The United States’ commitment is to the accord and its implementation and to the restoration of democratic constitutional order in Honduras. It provides a pathway to free and fair elections, the outcome of which will be widely accepted both within Honduras and abroad.

"It" is ambiguous (again). What provides a "pathway to free and fair elections"? One presumes the intended reference is "the accord", but it could as easily be "the United States commitment" or even, unlikely as it may seem, "democratic constitutional order".

In any event, this entire paragraph is a fantasy. The outcome of these purported "free and fair elections", which will not be observed by any official third-party outsiders, are already being repudiated by every member of the OAS from Latin America; by UNASUR; by the Central American and Caribbean nations; and there is a debate pending in the EU but Spain has already said there cannot be any legitimacy in the elections scheduled for just 16 days from now.

And as for "widely accepted within Honduras": well, yes. But that is not something to be happy about; the wide acceptance of elections that fail to live up to the standards of democracy is a symptom of the corrosion of Honduran popular belief in democracy itself.

The United States will respect any decision by the Honduran Congress, and is working to create an environment in which Hondurans themselves can address and resolve the issues that precipitated the crisis. With this behind them, the nation may move forward to address the many other challenges facing it.

Ah me: "the nation may move forward"-- precisely how? how does a country so polarized "move forward" when the one thing that is now certain is that any outcome-- "any decision by the Honduran Congress"-- will be accepted by the hemispheric power that has been most influential on the modern politics of Honduras? Does that "any decision" include, say, an assertion that Roberto Micheletti was inserted into power legally because the Congress says so?

And finally: "the issues that precipitated the crisis". No longer even able to clearly label a coup d'etat what it is, and giving in at the end to what has always been lurking below the surface: this whole incident would not have happened if there were not prior "precipitating" events.

No wonder the President of Paraguay is nervous. God help us when this is the best the US State Department can come up with.


Robert said...

Love the blog, been following for a few months now. The only problem is that you don't give enough respect to the power of Honduran bishops--power not only among the people but also in the halls of government.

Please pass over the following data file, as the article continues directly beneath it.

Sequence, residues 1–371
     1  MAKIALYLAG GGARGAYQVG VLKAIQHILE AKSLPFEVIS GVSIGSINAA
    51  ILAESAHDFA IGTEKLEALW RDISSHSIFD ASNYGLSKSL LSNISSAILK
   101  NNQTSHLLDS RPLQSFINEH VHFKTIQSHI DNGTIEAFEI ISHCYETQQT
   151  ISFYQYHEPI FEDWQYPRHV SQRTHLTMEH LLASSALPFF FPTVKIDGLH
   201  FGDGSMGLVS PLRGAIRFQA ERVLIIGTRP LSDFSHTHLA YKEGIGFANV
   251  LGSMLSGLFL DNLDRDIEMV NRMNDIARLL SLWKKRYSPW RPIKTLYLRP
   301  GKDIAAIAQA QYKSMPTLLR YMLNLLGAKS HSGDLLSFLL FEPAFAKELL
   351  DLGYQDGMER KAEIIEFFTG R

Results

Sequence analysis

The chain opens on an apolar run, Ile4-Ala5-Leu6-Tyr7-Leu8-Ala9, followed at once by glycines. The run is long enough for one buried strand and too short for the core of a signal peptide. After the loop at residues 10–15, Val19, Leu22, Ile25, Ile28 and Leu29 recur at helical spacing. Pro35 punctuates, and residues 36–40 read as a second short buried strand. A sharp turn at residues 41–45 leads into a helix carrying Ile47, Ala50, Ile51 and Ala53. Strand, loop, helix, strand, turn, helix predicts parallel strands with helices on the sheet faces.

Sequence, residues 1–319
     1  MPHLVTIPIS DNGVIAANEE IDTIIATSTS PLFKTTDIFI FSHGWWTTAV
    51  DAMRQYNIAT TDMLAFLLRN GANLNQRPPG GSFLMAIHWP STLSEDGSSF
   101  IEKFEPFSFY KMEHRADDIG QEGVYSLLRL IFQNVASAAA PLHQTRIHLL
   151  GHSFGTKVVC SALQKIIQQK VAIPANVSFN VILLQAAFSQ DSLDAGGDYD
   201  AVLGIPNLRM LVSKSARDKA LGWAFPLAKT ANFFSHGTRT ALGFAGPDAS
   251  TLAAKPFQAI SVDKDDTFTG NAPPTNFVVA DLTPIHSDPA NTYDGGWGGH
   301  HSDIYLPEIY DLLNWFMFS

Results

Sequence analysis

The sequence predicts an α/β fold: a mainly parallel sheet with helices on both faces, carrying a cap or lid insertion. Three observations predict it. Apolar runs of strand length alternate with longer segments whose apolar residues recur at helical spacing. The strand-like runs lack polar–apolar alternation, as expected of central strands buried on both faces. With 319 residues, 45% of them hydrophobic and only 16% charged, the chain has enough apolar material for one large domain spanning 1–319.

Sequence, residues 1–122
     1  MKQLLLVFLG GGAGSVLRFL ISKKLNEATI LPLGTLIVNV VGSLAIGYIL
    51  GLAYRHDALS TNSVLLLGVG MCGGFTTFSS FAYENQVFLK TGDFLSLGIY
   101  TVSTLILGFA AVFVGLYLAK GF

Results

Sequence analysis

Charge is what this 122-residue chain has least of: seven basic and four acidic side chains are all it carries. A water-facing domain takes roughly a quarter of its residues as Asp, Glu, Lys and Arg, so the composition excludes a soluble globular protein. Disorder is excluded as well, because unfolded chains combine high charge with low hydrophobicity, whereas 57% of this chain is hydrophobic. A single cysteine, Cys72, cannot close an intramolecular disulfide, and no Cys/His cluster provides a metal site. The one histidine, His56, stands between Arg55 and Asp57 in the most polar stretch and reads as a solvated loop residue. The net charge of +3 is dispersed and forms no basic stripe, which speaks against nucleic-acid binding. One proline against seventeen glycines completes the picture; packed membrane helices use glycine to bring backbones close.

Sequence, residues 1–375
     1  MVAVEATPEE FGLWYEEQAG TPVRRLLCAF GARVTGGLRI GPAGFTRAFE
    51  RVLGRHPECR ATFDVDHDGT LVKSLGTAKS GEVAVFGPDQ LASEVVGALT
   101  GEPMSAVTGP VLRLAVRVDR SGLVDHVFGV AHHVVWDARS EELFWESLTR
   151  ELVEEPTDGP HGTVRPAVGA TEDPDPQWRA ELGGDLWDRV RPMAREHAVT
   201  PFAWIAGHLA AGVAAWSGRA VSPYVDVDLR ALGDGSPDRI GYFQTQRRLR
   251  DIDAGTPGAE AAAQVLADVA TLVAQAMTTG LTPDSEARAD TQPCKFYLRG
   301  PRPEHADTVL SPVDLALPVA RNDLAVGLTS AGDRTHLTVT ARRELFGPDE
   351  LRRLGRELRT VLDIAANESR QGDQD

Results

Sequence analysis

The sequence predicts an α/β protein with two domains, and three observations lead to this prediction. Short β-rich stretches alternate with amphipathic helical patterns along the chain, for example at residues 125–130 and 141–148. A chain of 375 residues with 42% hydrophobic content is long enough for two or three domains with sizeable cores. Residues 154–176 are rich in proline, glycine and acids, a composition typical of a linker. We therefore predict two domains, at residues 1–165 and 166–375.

There is no way that they will let Zelaya back in. I said that weeks ago when the so-called "agreement" was reached. Micheletti is their man, and hence Micheletti will stay where he is. The U.S., I think, recognizes this fact (whether they realize that the opposition is coming from the bishops or not, I don't know), and has essentially given up on imposing an outside solution.

In Latin America, one cannot simply watch secular politics and expect to offer full explanations of events. The Vatican lobby is extremely powerful, and without the approval of the bishops very little gets done.

RAJ said...

We have commented on the role of the Honduran Cardinal Oscar Rodriguez Maradiaga in the coup. Not only did he induce the Honduran Conference of Bishops to release a pro-coup statement after June 28, but he also was a key actor in whipping up public concerns about President Zelaya's supposed plans. A topic that deserves more attention is the role of secular members of Opus Dei in the cabal that carried through the coup; for example, Marta Lorena Alvarado's anti-contraception campaign makes more sense if her extreme religious views are taken into account. It is entirely credible that one of the bases of the fanaticism of some of the other intransigent coup participants comes from similar conservative religious views.

But the Roman Catholic church in Honduras is not hegemonic in its views. Bishop Luis Santos of Santa Rosa de Copan has courageously spoken against the coup; and Padre Tamayo, who just lost his Honduran citizenship in retaliation for his ministry against the coup.